Monthly Archives: November 2013

Mama Never Told Me There’d be Days Like These

The days the Boy and I have together vary wildly.  There are days of high productivity and intense learning experiences.  There are days of fun and excitement.  And there are days of grueling boredom, apathy, and unfocused minds.

Some mornings, after dragging the boy from bed, he is entirely unable to focus.  A small set of math problems takes him two hours and numerous and lengthy bathroom runs, while I know there are no dietary or digestive issues.  Reading a book consists of flipping pages and claiming he read the whole thing.  Playing trombone is 30 minutes of putting it together, adjusting it and squinting at the music, until i tell him how much I really want to hear him play.

Then there are days when daddy skips the morning workout and immediately starts imagining what it will be like to go back to bed for the next 48 hours.  On these days, the easy path is taken.  A handful of math problems I know he can do in his sleep; having him read aloud to me to work on enunciation; maybe a trip to a park where he can swing and I can half doze with a cooling cup of coffee in my hand.

And then there are days like today.  After a lovely breakfast with the boy, we loaded up to take care of some of my friends critters.  AB and JR are out of town for two weeks, and the Boy loves watching their three cats, two rabbits and two guinea pigs.  Also, they have a wide variety of Calvin and Hobbes books as well as a collection of SciFi and Theatre books.

After a good forty-five minutes there, playing with the animals and reading, we headed to the library, with a plan.  There were some books due, and we wanted to get out some new things.  A chapter book of his choosing, a book on composers and then anything else he liked.  Usually I find something as well.

The boy is working on searching.  The first time I told him to find a book on a certain topic, he just looked up and down the shelves at random.  Now he uses the computer (I miss card catalogs) and will politely and clearly ask the librarian for assistance.  And we do love the librarians!

On the way home, we pulled over to say hi to another home schooled friend we saw.  This evolved into a conversation about personal space.  When the object of your affection is pulling away from your firm embrace, you may need to take a step back, and not say that next time you are going to kiss her.

Then home again for math and trombone, both at this point done with utmost attention and perseverance.  After lunch, we headed up to the basketball court – we couldn’t stay in on such a gorgeous and unusually warm autumn day – where he beat me, legitimately, at HORSE and we discussed the meaning and thoughts on Thanksgiving.  He has a head for the dates, but a spotty idea of the reasons.  Something about Pilgrims and Indians sitting around eating turkey…which I guess is what we all learned in school.  Only later we would we get some of the more gory details.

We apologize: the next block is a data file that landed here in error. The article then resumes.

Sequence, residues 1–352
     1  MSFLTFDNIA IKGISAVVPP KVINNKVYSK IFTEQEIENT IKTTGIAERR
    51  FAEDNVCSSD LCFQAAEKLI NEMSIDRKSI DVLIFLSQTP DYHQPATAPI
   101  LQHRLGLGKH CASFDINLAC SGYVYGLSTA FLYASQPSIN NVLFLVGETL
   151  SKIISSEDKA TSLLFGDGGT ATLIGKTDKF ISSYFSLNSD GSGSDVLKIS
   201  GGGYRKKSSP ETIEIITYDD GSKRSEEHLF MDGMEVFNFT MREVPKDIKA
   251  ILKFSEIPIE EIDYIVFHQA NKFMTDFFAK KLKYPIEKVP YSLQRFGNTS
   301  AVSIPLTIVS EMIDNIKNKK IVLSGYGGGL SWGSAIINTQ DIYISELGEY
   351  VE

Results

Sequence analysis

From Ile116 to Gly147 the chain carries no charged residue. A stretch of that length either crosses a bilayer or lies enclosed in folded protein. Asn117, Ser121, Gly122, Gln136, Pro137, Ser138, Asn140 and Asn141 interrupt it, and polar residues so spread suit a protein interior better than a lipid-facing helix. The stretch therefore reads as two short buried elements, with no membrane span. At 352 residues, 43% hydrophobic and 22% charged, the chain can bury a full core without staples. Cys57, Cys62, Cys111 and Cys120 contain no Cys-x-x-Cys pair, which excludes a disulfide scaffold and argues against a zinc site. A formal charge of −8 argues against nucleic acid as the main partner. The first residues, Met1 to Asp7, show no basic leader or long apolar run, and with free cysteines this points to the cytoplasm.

We wrapped up this idyllic day sitting on the couch reading, he from a book on careers for people who love nature and animals, I with nothing quite as ambitious.  And then the Boy was off to play with his BFF.

So what did Dad learn from this?  Not much, really.  Tomorrow could be a marathon day of frustration over math, prodding him to practice, or searching for the cup of caffeine that will actually jump start the neurons.  But today, and days like this, we embrace the joy we have with each other.Image

Alright, kid, what do you think?

This morning, I asked the boy how he was feeling about homeschooling.  Like many kids, he can remain tight lipped about most things grown ups consider important, but go into an awe-inspiring monologue about his latest fascinations; The show TOTAL DRAMA and the game MINECRAFT.

This morning I got wonderful honesty from him.  He started by saying he loved having me as a teacher.  Imagine me as a puddle on the floor now.  Then he followed up by the unexpected statement, I miss seeing people everyday.

Uh-oh, a homeschool parent’s red flag (Or maybe just mine).  The constant warning from people – that is, those who do not home school-  was about socializing.  Where will he make his friends?  Will he have enough contact with other people?  Who will he play with? (With whom will he play, I should say, since I am also trying to get him to grammar good.)

I reassuringly told him no problem, we can rectify that, while internally, I turmoil-ed.  I knew that, as close as I am with my Boy, he needs to play with kids his own age, or thereabouts.  So I paused to think about the past week.  On Wednesday he met one of his new friends at a park, then his best friend from down the street came up and they played before going to karate.  Then Thursday was our weekly trip to a home-school co-op, which was unusually quiet that day followed by band practice.  Friday and Saturday was mostly hanging out with just me.This week, in addition to two field trips, he will go to the park again with yet another home school group.

I see this kid who doesn’t complain and doesn’t ask for much.  When he is with other kids, I see more parallel play than interactive play.  At school, even at the private school, he was often off in his own world.  But apparently, proximity matters.  Even when not actively engaged with other children, the boy likes their company, he craves it.

So now daddy has to strap on his big boy pants and transition to finding more social opportunities for him.  While I hardly think he is deprived socially, a few more close friends couldn’t hurt.  It’s nice to have people around…sometimes.

The Boy and LW on a hike

The Boy and LW on a hike

Hiking and biking are kind of the same thing, right?

Hiking and biking are kind of the same thing, right?